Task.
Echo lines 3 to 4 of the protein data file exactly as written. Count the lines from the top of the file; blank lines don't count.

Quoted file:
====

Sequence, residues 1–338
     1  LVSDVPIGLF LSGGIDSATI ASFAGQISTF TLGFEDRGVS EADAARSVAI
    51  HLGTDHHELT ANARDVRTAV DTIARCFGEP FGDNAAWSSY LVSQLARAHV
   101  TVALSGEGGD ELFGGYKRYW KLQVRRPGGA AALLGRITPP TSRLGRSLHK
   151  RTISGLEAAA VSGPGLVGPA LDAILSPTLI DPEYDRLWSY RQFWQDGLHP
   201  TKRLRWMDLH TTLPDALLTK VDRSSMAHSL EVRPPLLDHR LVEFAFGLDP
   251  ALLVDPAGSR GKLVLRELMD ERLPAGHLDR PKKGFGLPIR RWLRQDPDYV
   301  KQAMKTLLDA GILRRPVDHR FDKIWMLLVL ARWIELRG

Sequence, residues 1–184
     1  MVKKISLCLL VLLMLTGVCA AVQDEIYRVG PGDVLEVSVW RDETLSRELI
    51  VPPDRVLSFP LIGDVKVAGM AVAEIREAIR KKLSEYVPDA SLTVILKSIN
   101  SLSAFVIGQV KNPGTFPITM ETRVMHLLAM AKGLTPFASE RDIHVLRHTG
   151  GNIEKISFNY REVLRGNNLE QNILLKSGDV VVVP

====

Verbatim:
    51  HLGTDHHELT ANARDVRTAV DTIARCFGEP FGDNAAWSSY LVSQLARAHV
   101  TVALSGEGGD ELFGGYKRYW KLQVRRPGGA AALLGRITPP TSRLGRSLHK